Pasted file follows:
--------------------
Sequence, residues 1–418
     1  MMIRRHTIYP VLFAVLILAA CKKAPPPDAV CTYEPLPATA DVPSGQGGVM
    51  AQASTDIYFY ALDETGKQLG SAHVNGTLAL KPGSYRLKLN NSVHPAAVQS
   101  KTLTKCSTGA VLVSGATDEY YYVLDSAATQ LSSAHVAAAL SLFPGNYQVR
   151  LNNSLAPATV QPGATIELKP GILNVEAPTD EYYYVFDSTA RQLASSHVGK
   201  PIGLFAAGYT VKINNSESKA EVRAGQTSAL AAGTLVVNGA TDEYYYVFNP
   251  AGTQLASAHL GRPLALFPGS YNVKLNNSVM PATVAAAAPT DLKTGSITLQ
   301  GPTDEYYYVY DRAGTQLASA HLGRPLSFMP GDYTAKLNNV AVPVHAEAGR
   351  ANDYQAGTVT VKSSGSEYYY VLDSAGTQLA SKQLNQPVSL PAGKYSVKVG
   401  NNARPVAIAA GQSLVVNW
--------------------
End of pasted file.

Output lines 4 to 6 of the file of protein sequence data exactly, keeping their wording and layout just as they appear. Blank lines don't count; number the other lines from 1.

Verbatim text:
   101  KTLTKCSTGA VLVSGATDEY YYVLDSAATQ LSSAHVAAAL SLFPGNYQVR
   151  LNNSLAPATV QPGATIELKP GILNVEAPTD EYYYVFDSTA RQLASSHVGK
   201  PIGLFAAGYT VKINNSESKA EVRAGQTSAL AAGTLVVNGA TDEYYYVFNP